Honesty is the best policy: the wisdom which originated from Aesop’s Fables – Mercury and the Woodman – remains one of the most debatable views voiced by many business sages in the last few decades. If we take time to look at many companies’ record (and too, the world history), such advice indeed at first doesn’t seem to make a lot of sense, considering how often and almost customary people lie, deceive and steal from others to win whatever game they were playing.
Examples for these acts abound, but an interesting one I would like to point out comes from Borland International. As quoted in the early 90s release of Harvard Business Review magazine, the US-based software company (now a subsidiary of Micro Focus International) gambled its future by ‘deceiving an ad salesman for BYTE magazine’ (a prominent microcomputer magazine in the 70s and 80s, now defunct) which surprise, surprise, eventually paid off. Sure, the risk was big, but we can see the benefit of such lie was a long-lasting business that ended up being profitable in the long run.
In the more modern world, another example of these contentious acts (un)surprisingly comes from the tech giant Apple. According to an article by Business Insider for instance, Apple’s employees were supposedly briefed to bend some facts when assisting customers, for instance through telling that unlocking or ‘jailbreaking’ iPhones would make them stop, or switching to a particular carrier would ‘fry the antenna’.
The Age of Transparency
Judging from the two examples above (and keeping many others in mind), so it appears that ‘dishonesty’ instead has become the prevailing policy, an immutable fact of every step within the commercial industry to survive. Though if I dare to ask, is being dishonest necessarily the best practice in these days and ages? More importantly for the sake of the ethical self within us, is it possible still to be honest and be equally rewarded at the same time?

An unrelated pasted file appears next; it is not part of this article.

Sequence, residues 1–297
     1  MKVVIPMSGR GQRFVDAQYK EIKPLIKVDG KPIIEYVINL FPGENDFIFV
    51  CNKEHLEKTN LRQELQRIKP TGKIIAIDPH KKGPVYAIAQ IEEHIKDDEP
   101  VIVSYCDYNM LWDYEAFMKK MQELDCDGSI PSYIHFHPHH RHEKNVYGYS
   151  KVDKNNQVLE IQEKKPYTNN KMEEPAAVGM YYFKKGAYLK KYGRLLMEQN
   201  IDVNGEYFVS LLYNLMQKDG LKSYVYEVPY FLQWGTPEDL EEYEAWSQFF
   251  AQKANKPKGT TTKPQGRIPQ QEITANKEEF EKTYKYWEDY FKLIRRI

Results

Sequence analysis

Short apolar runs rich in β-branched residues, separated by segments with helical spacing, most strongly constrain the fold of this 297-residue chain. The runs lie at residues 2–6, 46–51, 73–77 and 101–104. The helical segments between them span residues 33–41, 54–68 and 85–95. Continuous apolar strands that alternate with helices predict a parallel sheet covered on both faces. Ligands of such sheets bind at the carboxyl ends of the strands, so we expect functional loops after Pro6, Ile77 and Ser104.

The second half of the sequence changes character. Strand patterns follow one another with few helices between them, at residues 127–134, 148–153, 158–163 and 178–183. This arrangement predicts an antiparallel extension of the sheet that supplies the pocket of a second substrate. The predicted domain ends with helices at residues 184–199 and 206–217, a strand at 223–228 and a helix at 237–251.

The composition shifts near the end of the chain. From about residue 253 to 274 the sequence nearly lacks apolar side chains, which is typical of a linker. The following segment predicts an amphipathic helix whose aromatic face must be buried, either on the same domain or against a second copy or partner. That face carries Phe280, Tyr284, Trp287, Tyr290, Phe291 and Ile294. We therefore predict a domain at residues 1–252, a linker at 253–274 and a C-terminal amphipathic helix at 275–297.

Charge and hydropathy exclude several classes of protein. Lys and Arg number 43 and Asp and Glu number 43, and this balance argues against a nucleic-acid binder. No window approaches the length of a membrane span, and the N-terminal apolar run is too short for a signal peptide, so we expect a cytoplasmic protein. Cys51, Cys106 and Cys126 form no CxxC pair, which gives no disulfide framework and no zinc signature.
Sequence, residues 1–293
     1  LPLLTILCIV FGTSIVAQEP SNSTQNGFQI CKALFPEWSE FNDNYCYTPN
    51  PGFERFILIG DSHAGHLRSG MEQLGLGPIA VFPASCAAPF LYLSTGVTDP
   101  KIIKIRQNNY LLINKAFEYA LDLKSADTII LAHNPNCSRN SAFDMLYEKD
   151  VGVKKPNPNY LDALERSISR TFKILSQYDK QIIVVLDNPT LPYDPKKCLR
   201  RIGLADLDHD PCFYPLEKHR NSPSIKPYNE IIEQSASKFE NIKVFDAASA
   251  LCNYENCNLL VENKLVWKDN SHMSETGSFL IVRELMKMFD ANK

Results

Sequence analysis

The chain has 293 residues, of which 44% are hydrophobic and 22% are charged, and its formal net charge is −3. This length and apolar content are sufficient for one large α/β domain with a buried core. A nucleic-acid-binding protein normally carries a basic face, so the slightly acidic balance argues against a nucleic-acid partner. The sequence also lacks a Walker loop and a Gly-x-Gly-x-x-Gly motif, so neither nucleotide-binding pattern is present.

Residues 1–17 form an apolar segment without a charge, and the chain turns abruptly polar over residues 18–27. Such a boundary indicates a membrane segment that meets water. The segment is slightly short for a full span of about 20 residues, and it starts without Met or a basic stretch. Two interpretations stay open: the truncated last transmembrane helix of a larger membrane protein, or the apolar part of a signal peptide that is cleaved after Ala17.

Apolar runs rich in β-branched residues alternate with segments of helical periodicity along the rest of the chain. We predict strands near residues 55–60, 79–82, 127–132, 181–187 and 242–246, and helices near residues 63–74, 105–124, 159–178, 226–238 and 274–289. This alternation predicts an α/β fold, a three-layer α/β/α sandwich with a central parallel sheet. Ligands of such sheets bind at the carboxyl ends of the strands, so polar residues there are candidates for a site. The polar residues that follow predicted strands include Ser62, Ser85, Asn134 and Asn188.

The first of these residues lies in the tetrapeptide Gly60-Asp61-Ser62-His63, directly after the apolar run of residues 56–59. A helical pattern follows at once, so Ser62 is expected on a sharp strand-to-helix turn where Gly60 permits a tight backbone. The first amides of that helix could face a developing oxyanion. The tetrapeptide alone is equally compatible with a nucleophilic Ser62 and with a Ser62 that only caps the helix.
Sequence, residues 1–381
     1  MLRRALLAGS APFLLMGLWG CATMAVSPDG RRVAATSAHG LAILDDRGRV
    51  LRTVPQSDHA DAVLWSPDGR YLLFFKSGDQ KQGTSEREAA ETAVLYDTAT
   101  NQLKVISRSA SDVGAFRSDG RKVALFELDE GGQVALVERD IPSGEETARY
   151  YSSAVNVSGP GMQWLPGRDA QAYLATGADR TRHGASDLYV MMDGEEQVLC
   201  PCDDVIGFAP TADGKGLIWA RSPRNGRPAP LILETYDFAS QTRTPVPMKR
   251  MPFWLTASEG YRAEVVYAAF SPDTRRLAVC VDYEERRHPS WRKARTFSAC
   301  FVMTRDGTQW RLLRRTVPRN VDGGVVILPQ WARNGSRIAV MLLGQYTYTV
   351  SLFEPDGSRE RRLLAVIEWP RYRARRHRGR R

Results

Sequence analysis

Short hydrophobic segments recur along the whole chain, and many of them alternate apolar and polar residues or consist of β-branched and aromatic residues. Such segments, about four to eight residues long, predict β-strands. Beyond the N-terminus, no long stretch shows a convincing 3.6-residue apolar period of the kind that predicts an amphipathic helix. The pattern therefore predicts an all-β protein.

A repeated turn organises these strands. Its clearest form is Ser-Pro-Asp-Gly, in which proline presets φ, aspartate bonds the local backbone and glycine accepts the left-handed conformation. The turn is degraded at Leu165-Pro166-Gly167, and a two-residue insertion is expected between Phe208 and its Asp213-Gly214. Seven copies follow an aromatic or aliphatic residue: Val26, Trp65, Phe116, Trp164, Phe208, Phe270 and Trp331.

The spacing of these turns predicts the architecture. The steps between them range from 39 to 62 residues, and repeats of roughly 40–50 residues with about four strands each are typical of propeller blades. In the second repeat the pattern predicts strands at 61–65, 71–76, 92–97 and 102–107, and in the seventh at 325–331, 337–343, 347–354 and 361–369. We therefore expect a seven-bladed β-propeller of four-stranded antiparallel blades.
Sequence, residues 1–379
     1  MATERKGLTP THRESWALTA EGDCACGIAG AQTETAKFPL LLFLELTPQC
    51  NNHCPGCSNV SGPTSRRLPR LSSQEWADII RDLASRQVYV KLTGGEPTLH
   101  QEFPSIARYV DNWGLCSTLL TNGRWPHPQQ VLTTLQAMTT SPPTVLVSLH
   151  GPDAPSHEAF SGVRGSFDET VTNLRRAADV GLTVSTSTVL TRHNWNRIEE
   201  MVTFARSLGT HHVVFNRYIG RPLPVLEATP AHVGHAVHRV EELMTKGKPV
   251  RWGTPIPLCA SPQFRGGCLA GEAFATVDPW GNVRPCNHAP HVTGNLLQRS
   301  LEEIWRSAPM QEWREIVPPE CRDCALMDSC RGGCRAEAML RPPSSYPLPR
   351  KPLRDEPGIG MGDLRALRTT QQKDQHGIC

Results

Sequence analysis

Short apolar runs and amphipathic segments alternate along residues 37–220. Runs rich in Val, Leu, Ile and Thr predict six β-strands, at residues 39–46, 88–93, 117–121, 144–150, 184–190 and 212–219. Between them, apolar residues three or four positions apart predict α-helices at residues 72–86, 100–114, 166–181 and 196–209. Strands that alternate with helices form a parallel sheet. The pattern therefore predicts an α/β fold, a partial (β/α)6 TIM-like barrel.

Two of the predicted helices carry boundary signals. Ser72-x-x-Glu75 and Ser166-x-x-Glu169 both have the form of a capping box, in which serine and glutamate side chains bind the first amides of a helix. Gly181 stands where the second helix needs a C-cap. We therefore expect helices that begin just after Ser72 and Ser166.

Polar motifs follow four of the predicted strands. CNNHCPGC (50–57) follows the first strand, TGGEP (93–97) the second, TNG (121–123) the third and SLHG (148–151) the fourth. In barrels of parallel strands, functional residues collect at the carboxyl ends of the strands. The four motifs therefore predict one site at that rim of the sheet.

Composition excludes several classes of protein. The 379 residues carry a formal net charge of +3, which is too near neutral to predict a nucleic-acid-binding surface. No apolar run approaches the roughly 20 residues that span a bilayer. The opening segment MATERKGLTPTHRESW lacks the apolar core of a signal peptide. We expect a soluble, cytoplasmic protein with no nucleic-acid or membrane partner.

Honestly, it is hard to tell. Inevitably many companies now are still making big bucks selling lies and get away with it. Though looking at the bright side, recent developments are at least starting to give us some good signs.
Most notably the gradual shift comes from the rapid advancement of technology, which allows seamless circulation of information around the world at a very high rate. For instance, see how news about a single offence done by a company in Europe can get to Australia in just a matter of seconds through social media – or worse (or better?), see how the global surveillance disclosures are able to take place. As a result, what this culminates in is a culture of openness and accountability, as customers expect public figures, government and companies to be more honest and transparent in their business, much to the delight of the morally correct.
With such development thus companies should evidently be more wary, as it is becoming easier for them to get caught out lying and eventually get chastised in social media. The emission scandal hitting Volkswagen is one warning. A more recent though lesser case involves the online fashion shop ASOS, where the company hadn’t yet to admit their mistakes in using inaccurate automated responses in Facebook.
To complement, various business studies further show that customers these days don’t seem to trust the big brands as much anymore. According to an article by the Guardian for instance, quoting 2014 Edelman Trust Barometer, only 58% of global citizens trust companies. The consequence? Based on an October 2014 study by Cohn & Wolfe, this actually leads to the majority of worldwide customers increasingly demanding brand to be honest about their products and services!
The Benefits of Staying Honest
In the light of all the above, it looks like that practicing honesty is starting to pay off – or at least will be in the long run.